When you see car accidents in movies, everything goes totally silent and into slow motion. The movie makers must do this because they’ve talked to accident survivors. I assume this is the case because if they were to interview me about being double t-boned in my Saturn, that’s how I would describe it. Slower than life and quieter than silence.
In 2000, I was driving to meet friends for brunch, alone in my car. I didn’t see the light, and ran a red. Two
cars powered into both my front passenger and driver’s side doors. There was no sound. There was no sensation. Everything went soft and quiet and slow. I don’t remember the airbags detonating, though they did. I don’t remember glass shattering, though it did. I do remember a sort of lazy twirling of the car that must have happened after the impact. A bit like sliding on snow where you’ve lost control of the car but it’s no big deal because it’s a slow slide/turn and nothing’s in the way.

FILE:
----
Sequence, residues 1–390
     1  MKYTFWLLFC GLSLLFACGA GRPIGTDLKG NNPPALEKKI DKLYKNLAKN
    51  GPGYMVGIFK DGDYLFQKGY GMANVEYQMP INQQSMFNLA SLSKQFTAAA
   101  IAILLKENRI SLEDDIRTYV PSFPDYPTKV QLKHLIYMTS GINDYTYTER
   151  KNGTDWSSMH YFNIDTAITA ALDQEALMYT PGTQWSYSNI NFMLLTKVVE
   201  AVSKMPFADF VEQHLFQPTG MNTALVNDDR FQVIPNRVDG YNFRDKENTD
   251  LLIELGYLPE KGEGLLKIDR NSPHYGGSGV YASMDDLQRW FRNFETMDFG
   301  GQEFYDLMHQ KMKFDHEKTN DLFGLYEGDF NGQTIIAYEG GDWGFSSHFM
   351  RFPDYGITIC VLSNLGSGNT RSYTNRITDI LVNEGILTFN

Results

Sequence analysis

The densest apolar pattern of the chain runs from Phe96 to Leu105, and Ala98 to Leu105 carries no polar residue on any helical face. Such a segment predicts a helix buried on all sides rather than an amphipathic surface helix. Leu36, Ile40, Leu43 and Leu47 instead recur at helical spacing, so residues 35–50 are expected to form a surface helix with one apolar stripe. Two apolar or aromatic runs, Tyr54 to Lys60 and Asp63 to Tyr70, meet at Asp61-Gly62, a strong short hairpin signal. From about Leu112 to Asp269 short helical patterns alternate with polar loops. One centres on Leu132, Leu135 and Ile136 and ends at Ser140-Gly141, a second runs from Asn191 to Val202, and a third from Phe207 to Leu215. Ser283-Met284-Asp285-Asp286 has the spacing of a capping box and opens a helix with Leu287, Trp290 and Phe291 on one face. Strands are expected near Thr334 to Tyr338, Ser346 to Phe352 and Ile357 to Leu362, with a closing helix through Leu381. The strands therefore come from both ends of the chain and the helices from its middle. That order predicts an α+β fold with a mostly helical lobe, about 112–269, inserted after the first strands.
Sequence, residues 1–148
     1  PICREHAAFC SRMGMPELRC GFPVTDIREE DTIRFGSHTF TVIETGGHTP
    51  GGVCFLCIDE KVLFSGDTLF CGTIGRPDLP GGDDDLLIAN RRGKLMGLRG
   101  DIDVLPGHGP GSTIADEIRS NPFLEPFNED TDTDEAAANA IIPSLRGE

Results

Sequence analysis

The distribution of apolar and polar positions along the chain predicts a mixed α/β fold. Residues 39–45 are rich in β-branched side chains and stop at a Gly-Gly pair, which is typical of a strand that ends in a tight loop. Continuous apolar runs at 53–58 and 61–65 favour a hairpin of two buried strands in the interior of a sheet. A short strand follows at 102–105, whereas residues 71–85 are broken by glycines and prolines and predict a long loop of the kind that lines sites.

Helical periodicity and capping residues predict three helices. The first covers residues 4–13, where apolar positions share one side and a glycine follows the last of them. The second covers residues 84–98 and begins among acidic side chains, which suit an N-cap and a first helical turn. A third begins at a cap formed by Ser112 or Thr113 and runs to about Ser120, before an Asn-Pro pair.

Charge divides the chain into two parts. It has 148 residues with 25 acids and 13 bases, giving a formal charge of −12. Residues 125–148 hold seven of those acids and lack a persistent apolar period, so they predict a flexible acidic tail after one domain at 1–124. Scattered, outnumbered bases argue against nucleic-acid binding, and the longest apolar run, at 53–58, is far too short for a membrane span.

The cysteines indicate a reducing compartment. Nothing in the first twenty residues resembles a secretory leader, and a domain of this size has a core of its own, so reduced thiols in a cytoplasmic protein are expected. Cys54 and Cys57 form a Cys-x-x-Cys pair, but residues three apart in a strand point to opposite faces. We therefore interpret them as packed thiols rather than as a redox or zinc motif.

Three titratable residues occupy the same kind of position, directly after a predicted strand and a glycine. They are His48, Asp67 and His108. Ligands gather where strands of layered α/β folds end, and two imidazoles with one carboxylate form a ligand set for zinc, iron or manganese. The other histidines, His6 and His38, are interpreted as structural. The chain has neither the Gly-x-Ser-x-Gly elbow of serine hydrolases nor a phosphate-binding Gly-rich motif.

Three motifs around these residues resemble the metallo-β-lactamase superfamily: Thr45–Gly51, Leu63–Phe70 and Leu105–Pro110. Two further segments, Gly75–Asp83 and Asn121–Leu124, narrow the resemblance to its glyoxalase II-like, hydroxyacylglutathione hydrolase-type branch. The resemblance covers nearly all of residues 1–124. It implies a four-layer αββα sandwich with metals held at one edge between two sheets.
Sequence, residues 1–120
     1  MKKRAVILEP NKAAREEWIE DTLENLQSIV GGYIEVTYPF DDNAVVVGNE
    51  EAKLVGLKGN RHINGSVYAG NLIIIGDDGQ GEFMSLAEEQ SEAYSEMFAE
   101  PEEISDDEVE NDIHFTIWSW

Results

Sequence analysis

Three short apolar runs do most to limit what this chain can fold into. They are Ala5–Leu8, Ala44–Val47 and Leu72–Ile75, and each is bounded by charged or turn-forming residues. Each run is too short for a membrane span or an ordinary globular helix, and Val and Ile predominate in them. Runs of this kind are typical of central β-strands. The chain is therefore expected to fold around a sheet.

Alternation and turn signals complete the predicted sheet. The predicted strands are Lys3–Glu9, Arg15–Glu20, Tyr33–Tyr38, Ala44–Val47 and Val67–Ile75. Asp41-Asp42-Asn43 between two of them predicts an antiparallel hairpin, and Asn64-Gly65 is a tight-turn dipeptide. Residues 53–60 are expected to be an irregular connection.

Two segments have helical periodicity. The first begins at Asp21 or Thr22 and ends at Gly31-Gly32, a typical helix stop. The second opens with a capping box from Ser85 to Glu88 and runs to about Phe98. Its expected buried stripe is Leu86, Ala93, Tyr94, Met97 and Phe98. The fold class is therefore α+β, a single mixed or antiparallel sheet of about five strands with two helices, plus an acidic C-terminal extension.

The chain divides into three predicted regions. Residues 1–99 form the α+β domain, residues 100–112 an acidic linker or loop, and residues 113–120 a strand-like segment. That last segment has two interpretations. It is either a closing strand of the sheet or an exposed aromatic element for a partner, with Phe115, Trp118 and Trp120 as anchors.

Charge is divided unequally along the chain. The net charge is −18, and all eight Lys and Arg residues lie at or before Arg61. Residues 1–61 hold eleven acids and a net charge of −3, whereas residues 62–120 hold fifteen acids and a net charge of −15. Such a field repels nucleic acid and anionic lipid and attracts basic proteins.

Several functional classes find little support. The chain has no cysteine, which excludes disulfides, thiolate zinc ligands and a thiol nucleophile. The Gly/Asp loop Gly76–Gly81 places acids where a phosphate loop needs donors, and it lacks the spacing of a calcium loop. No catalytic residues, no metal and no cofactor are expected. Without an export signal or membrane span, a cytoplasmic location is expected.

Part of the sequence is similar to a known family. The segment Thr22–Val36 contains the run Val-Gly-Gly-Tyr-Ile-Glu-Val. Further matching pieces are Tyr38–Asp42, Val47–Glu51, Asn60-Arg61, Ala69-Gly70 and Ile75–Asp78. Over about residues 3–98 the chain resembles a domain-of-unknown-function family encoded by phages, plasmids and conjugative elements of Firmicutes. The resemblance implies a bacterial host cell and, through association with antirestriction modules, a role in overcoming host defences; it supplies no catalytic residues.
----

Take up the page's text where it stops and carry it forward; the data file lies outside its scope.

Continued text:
I was awake when they did the laparoscopic check for internal bleeding, inserting the tube thing just under my belly button. I remember very vividly the POP feeling as they went through layers of me. I held someone’s hand and squeezed it tight. They couldn’t give me pain meds, I think I remember, because it would mess up their diagnosis of me.
This past weekend I found these old photographs of the car, and me, from the accident. About a week ago a pickup truck almost rear ended me. Very fast and very close. I had a physical reaction. Shock. It felt as if I was back in that quiet slow moving car. I was able to pull over and catch my breath, bring myself back to the moment. But, this accident has been the most concrete example for me of how fluid and changing memory is.
As bits keep coming back over the years, I have no idea what is real or what I’m imagining. Sometimes they feel so real but couldn’t possibly be (the direction I was lying in the ambulance). Sometimes I’m surprised I didn’t remember before. As poets have forever tried to describe love, I think I’ll spend the rest of my life trying to capture the clear silence of that crash.